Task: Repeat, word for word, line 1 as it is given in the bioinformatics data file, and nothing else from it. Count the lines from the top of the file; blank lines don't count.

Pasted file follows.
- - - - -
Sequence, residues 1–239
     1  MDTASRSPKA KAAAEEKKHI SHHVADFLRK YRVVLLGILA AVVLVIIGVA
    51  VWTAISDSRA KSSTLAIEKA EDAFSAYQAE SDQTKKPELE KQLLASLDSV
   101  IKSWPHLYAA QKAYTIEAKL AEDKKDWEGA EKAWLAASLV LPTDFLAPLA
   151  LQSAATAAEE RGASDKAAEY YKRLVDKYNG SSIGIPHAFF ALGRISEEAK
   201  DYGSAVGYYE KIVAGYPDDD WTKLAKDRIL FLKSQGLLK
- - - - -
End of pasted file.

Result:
Sequence, residues 1–239